So your baby is fussy and yet he keeps spitting out the thing that used to soothe him, you know, the pacifier. Spoiler alert: If your baby won’t keep a pacifier in his or her mouth, it’s likely for reasons beyond the paci. As such, the best pacifiers for babies who spit them out might just surprise you.
We’ll be the first to admit that for something so small, it’s hard to decide ahead of time what kind of binky will best for your baby. First of all, there is no end to pacifier options (seriously, why are there so many?), and secondly, all your mom friends — and all of the internet — have varied, often strong, opinions. But we’re here to cut through the chaos to get you answers. Scary Mommy reached out to board-certified pediatrician and the Co-Founder & Chief Medical Officer of Modern Pediatrics, Dr. Tim Porter, MD, to find out why your baby is spitting out the paci, so you can get one that stays pleasantly in place.
Dr. Tim Porter received his M.D. from the University of Rochester in New York, before completing residency training at Northwestern University in Chicago. He worked in private practice in Chicago for five years before pursuing his dream of co-founding his own practice, Modern Pediatrics, and moving to Austin in early 2020. In addition to providing primary medical care for infants and children, Dr. Porter is an expert in pediatric sleep, having conducted hundreds of individual sleep consultations in his career. Dr. Porter also teaches a free newborn prep curriculum to new parents to ease their minds and help them through their parenting journey.
Why does my baby spit out the pacifier?
If there’s one thing you learn as a new parent, it’s that your baby is a perplexing creature. One minute they like the binky, one minute they don’t. Or maybe they never did. But why?” There are not any medical reasons a baby would spit out a pacifier, except, perhaps, severe congestion,” Dr. Porter reveals. But what if they’re not congested? “ The most common reason is actually that they’re still hungry. In the first four months of life, a crying/fussy baby is always hungry until proven otherwise, especially if they just finished feeding.”
Dr. Porter suggests offering babies 4 months and younger more to eat before pushing the paci. But if they’re older? “If a fussy/crying baby is older than 4 months and won’t take more food or the pacifier to soothe, my next assumption is that they’re overtired or sick (cough, runny nose, fever, etc.).”
Is there a pacifier that stays in the mouth?
If only there were a one-size-fits-all answer. Dr. Porter maintains that “if the baby is not hungry, overtired, or sick, any pacifier should stay in the mouth.” And when it comes down to it, you might just have to try a few options before you find the one your baby prefers. “Naturally, some families swear by one pacifier or another,” he says, “but there is no consensus, and these opinions are only anecdotal (though convincing!) evidence.”
So while it’s worth considering your mom’s best friend’s niece’s advice, your baby might just disagree. In fact, your baby may never take to a pacifier. Perhaps they don’t like the shape or material. Maybe they’re mad it’s not a bottle or a boobie (back to the hunger point). Some babies never take to the paci and that’s okay, too — there’s more than one way to soothe a child.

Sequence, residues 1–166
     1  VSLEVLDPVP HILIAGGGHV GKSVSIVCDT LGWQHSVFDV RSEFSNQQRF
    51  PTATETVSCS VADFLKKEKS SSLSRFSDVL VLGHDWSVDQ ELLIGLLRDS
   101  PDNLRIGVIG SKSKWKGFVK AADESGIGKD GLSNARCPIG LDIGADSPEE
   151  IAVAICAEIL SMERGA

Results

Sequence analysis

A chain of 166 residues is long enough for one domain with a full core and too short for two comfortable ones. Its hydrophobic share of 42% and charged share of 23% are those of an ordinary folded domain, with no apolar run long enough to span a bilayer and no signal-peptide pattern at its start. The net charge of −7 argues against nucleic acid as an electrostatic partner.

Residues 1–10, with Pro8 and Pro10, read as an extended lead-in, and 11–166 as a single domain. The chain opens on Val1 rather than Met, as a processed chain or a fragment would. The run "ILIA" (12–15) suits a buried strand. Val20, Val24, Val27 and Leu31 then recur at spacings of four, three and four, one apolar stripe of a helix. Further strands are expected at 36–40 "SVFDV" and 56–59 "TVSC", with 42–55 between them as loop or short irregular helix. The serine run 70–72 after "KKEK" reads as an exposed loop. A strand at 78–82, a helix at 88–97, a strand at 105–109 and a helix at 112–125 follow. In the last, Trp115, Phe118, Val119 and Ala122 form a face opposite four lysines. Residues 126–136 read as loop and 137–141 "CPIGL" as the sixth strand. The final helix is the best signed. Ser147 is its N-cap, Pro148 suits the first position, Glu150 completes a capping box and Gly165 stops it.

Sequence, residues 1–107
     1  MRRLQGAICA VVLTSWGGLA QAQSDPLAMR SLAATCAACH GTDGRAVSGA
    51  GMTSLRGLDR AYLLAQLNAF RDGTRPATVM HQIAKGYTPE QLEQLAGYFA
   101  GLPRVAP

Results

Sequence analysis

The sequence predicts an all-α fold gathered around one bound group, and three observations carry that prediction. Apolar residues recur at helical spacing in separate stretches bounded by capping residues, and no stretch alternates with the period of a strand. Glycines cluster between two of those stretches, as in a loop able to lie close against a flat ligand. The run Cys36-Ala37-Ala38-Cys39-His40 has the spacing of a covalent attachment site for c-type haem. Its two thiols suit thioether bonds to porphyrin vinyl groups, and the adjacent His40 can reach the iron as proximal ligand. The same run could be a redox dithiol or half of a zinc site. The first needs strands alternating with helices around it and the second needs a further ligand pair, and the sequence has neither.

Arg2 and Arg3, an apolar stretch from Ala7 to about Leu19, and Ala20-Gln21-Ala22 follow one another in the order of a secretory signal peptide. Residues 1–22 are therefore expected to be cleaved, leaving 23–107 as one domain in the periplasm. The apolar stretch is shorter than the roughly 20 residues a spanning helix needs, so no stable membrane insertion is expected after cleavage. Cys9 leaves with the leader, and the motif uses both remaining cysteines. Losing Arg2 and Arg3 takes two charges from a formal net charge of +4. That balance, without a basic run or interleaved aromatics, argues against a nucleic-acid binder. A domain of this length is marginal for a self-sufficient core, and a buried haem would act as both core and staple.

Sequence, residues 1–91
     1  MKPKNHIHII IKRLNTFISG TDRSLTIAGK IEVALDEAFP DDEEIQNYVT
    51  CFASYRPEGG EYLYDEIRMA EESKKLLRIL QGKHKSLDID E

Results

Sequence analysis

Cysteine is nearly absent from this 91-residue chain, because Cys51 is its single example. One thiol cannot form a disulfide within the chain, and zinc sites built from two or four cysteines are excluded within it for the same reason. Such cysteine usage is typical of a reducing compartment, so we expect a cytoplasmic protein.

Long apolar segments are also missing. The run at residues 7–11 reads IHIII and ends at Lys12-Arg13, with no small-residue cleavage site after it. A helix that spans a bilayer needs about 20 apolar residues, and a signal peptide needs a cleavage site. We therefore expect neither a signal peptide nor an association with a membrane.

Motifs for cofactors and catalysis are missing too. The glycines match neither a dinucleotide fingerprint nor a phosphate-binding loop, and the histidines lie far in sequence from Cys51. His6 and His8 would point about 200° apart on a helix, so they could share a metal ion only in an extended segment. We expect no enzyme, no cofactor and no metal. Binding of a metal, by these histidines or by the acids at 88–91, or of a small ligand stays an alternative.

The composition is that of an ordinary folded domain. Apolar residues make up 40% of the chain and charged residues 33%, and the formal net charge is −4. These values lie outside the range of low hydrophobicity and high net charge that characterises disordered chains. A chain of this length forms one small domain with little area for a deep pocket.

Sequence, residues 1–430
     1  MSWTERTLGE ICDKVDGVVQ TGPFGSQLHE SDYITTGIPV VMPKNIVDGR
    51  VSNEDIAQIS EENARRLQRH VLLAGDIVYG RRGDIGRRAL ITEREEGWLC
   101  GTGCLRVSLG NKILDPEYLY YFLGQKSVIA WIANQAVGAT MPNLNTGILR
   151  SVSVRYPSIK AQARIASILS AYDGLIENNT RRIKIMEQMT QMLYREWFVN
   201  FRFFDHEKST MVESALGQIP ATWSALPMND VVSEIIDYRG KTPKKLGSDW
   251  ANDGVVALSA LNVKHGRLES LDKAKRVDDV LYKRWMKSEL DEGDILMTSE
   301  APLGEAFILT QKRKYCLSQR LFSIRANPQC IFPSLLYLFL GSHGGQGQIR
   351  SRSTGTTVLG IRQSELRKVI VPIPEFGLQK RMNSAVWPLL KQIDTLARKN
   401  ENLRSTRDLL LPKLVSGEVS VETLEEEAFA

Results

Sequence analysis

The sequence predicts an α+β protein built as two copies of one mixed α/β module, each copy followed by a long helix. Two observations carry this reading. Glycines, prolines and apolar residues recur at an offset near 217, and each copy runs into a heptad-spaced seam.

Are there certain pacifiers to use for breastfed vs. bottle-fed babies?
“Many pacifier manufacturers claim to be better for breastfed babies, but this can generally be assumed to be a marketing ploy,” shares Dr. Porter. “There are no scientific studies verifying these claims.” What’s more, Dr. Porter reveals that barring a latex allergy, there is “no verified medical reason” to recommend any specific pacifier material (all pacifier nipples are free of BPA). There are, however, a few universal safety tips Dr. Porter points to, with reference to the American Academy of Pediatrics.
Pacifier Safety Tips
- Inspect pacifiers often. “Pacifiers fall apart over time. Some manufacturers have expiration dates for pacifiers. Do not keep pacifiers past that time. Inspect them every once in a while to see whether the rubber has changed color or has torn. If so, replace them.”
- Make sure it can’t come apart. “Look for a 1-piece model that has a soft nipple (some models can break into 2 pieces).”
- Get the right size shield to avoid choking. “The shield should be at least 1½ inches across so a baby cannot put the entire pacifier into her mouth. Also, the shield should be made of firm plastic with air holes.”
- Make sure the pacifier is dishwasher-safe. “Follow the instructions on the pacifier and boil it or run it through the dishwasher before your baby uses it. Be sure to squeeze the water out of the nipple with clean hands; otherwise, the hot water inside might burn your baby’s mouth.”
- Clean it regularly. “Clean it this way frequently until your baby is six months old so that your infant is not exposed to germs. After that, you can just wash it with soap and rinse it in clear water.”
- Keep it free. “Never tie a pacifier to your child’s crib or around your child’s neck or hand. This is very dangerous and could cause serious injury or even death.”
Try These Pacifiers For Babies Who Spit Them Out
Now that you know the facts, you’re free to journey onward in search of your baby’s perfect pacifier. “Any pacifier which meets the above safety guidelines is safe and effective.” Dr. Porter adds, “I recommend a family try different kinds until they find the one their baby prefers.”
Not sure where to start? We found some favorite tried-and-trues to help you on your way. Behold, the binkies.